About Grinnell Falls and Salamander Falls
Grinnell Falls and Salamander Falls, while spectacular in their own right, were really only incidental attractions on the epic hike to the Grinnell Glacier.
It was definitely one of the most popular excursions in the Many Glacier Valley section of Glacier National Park.
However, its popularity belied how much of a strenuously long hike it was, which you can see from the difficulty score that I gave this excursion.
Nevertheless, this was one of the dream hikes of mine ever since I longed for a return to the park after my first visit back in 2010 and I finally got that chance in 2017.
Grinnell Glacier – the poster child for Global Warming
In case you didn’t know, the Grinnell Glacier could very well be Glacier National Park’s most famous glacier.
That’s because it seemed to be used as the poster child of global warming as before and after photos were frequently shown in the general literature (as well as within the park’s own literature itself).
Such photographic time lapse evidence illustrated the accelerated recession of mountain glaciers around the world.
And in the case of the Grinnell Glacier, it was rapidly becoming Upper Grinnell Lake.
The glacier was named after George Bird Grinnell, who first discovered the glacier in 1885.
He was also instrumental in getting Glacier National Park gazetted as a national park in 1910 in addition to the enforcement of its protection.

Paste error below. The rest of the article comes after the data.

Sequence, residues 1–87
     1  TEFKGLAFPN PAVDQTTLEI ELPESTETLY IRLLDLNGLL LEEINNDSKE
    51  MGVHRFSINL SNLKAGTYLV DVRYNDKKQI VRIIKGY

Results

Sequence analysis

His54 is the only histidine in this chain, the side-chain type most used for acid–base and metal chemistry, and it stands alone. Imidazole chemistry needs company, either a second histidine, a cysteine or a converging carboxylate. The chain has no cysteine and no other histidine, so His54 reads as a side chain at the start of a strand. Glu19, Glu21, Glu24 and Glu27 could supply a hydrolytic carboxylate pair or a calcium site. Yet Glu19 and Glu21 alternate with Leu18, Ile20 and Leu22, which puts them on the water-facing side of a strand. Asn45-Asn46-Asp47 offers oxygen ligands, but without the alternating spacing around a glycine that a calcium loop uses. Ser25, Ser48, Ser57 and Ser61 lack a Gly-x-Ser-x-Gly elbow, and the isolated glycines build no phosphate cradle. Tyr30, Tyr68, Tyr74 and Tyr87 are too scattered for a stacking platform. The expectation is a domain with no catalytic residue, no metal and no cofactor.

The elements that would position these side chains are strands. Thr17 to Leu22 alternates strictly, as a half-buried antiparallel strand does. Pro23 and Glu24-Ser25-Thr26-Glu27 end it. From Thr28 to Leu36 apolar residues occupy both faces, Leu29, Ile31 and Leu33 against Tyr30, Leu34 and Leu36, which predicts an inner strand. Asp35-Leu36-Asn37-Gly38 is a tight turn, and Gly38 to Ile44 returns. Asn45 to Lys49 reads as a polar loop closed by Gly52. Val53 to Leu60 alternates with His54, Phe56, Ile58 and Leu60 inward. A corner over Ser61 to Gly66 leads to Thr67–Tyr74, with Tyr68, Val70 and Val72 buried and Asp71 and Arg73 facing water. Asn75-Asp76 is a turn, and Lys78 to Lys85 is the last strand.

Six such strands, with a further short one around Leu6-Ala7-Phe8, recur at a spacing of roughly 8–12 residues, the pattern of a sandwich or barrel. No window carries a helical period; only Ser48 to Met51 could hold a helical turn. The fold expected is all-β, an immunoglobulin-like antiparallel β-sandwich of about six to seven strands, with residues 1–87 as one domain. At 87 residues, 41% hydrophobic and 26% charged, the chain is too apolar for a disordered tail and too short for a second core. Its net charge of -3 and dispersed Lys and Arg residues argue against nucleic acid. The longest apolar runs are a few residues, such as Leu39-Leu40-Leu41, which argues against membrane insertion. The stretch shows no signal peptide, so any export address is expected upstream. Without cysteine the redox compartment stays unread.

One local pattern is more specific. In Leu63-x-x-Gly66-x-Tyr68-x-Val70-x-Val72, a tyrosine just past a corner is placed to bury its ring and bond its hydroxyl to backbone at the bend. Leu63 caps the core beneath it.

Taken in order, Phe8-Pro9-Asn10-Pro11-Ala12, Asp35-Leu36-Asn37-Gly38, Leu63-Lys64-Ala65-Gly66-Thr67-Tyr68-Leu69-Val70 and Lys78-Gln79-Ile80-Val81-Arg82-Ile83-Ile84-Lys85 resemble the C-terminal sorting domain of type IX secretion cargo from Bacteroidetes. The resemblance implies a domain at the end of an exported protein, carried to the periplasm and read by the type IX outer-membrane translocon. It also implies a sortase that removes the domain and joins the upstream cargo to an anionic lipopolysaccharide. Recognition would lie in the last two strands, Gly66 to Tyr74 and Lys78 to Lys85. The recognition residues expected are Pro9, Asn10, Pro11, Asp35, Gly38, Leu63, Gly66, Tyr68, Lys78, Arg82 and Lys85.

As a key advocate of getting Theodore Roosevelt and the US Army involved in enforcing the national park protections for Yellowstone National Park at around the same time, he understood that national parks needed to be more than just labels.
Of the waterfalls in this write-up, Grinnell Falls was the more prominent one.
It featured a 280ft height with a wishbone-shaped drop that could clearly be seen from as far as Lake Josephine (and even as far as the Swiftcurrent Lake though it’s much harder to spot from there).
Grinnell Falls was sourced by the meltwaters of the Grinnell Glacier, and its cascading stream ultimately fed the colorful Grinnell Lake.
On the other hand, Salamander Falls was a relatively new waterfall resulting from the rapidly receding Grinnell and Salamander Glaciers.
This waterfall used to not exist when the two glaciers were joined.
Unfortunately, with both glaciers probably not going to exist by 2030, there’s no telling how much longer even these waterfalls will remain perennial.
The Logistics of Visiting the Grinnell Glacier
As far as logistics were concerned, the long hike up to the Grinnell Glacier was a long 11 miles round trip with over 1,800ft in elevation gain.